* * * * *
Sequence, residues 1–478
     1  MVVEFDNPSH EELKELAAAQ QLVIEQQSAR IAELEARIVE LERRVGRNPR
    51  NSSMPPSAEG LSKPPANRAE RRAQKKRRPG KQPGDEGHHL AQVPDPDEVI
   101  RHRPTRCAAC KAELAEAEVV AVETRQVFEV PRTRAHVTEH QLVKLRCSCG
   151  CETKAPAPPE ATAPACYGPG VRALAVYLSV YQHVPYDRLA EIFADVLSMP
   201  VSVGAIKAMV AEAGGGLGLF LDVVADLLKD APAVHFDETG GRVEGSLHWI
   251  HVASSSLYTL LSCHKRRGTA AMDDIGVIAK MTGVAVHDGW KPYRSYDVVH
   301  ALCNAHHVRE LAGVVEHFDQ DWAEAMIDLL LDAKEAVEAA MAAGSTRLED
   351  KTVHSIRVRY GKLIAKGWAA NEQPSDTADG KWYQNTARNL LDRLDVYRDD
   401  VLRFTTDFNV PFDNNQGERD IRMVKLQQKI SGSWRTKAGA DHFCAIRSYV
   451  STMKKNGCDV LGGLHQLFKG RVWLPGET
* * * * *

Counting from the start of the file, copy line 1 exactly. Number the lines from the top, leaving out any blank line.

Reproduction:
Sequence, residues 1–478